Originally published in the Scotsman newspaper, October 2014.
DOES increased engagement prompt delivery, asks Andy Kerr
What is a public promise worth? Does a solemn vow, taken during an emotionally charged moment, guarantee an outcome?
Of course not. Yet we still invest hope and trust that the promise will be upheld. To do otherwise condemns us to a lifetime of cynicism and distrust. In Scotland we await the outcome of the negotiations to determine whether the promises made in the final days of the referendum have any value. The problem for politicians and other public figures is the long history of overblown claims that they will change the world for the better and their associated failure to deliver these claims have become all too familiar in recent times. In New York last month we saw politicians and celebrities again wax lyrical about what must be done to reduce the threat of climate change on our global society. But promises of action without delivery mean nothing.
We also know from experience that “delivery” on contested topics is challenging. From international political negotiations, such as determining a global response to climate change, to local authority pledges on sustainable energy, making things happen involves challenging partnerships, compromises and reshaped visions.
Perhaps the most important outcome of the referendum was the unprecedented engagement with the question of what sort of country we want in future. Largely missed by the main political parties, this dynamic response from individuals, communities and enterprises bodes well. It takes us beyond the passive “trust the government” or “trust the market” view of recent decades.
Nowhere is this more apparent than in the role of energy in Scotland. Whether considering how to prolong Scotland’s energy resources or reducing fuel poverty, there is increasing engagement between public, private, academic and community enterprise.
This engagement is driving a huge range of activities. In the past year alone, we have seen 15,000 people attend 300 events and activities at the Edinburgh Centre for Carbon Innovation’s (ECCI) newly refurbished and award-winning High School Yards building in Edinburgh. Led by business, government, universities, communities and social enterprises, these activities seek to enable delivery of practical outcomes. They bring people together through “accidental collisions”, seeking to solve issues from energy poverty and ensuring warm homes to delivering more effective transport and land use.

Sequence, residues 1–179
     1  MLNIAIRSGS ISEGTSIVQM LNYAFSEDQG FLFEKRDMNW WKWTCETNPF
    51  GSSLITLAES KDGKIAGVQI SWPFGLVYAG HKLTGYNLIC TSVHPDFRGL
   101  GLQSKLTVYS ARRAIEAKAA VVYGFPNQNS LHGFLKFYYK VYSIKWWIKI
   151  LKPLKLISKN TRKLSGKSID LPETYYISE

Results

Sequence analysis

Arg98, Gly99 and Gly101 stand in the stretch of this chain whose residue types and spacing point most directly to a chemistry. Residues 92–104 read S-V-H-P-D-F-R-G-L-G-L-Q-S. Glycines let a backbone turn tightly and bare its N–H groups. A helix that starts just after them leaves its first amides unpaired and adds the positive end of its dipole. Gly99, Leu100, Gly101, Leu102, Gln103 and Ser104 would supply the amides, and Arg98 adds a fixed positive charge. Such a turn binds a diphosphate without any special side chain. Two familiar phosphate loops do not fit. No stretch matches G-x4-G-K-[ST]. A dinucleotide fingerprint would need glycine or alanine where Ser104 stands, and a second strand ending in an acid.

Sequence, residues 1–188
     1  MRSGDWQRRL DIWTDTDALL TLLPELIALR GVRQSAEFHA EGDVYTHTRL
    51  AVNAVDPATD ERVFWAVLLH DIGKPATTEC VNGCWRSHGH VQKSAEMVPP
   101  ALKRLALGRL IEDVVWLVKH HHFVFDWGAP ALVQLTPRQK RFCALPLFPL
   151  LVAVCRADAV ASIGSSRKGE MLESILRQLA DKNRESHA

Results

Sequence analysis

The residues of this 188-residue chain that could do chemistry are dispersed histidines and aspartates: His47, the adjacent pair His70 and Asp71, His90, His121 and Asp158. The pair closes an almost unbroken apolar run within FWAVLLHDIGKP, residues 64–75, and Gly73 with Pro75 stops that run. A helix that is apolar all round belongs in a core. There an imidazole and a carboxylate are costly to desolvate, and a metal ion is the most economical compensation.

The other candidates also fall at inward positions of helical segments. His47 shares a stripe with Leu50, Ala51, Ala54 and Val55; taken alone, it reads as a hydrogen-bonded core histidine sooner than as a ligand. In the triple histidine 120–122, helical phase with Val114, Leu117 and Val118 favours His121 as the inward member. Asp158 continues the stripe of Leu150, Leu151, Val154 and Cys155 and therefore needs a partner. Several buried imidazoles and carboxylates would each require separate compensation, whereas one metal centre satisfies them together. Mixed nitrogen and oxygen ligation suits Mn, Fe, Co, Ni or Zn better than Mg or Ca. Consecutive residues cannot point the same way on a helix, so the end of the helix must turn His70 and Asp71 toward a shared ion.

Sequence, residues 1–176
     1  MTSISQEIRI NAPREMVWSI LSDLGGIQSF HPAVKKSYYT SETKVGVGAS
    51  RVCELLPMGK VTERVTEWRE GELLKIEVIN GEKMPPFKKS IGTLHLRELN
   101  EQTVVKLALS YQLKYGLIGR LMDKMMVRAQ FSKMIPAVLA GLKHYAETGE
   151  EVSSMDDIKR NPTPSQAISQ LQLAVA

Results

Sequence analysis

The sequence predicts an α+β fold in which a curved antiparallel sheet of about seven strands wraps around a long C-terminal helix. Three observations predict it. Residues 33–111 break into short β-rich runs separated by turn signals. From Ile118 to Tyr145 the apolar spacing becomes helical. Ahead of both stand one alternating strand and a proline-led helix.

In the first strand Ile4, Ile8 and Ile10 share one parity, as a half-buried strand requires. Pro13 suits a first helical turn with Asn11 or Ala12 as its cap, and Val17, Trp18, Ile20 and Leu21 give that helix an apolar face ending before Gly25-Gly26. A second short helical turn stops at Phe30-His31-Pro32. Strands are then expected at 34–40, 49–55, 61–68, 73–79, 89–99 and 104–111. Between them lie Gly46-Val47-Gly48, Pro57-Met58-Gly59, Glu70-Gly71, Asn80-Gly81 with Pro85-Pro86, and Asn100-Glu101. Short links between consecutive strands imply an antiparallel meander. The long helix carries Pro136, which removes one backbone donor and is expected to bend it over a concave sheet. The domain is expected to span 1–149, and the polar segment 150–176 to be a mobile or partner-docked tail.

In the same vein, the Edinburgh Centre has been supporting 16 large city and island projects around Scotland to make more efficient use of energy. By joining entrepreneurial thinking by local businesses, public authorities and community groups with learning from overseas and effective project management, we can nurture and accelerate these projects.
And it is not just large-scale projects. As a national hub, the ECCI has actively engaged over 1,000 Scottish enterprises and organisations to help translate good ideas into new low-carbon products and services for local and international markets. We are working with public and private enterprises to enable local businesses to test and trial their products and services on their premises – a key step which often hinders the rolling out of new ideas.
The practical learning gained from developing such projects is itself of great value to countries around the world. Connections to Asia Pacific, Latin America and North America have been forged in the past year. The Edinburgh Centre plans to open its first Asian outpost in Hong Kong in 2015 and to leverage the University of Edinburgh and Scotland’s international presence in Latin America and North America.
So a year after the ECCI moved into Edinburgh’s famous old High School, the sheer vibrancy of the engagement with these big social challenges by different enterprises and by people across Scotland suggests a bright future. It also points the direction for politicians tempted to over-claim and under-deliver, whether on referendum pledges or sustainable energy plans. Making public promises is easy. Delivering such promises is not. But when politicians are working with collective social and business enterprise, backed by a supportive public sector and insights from a strong university base, delivery starts to look a lot less difficult.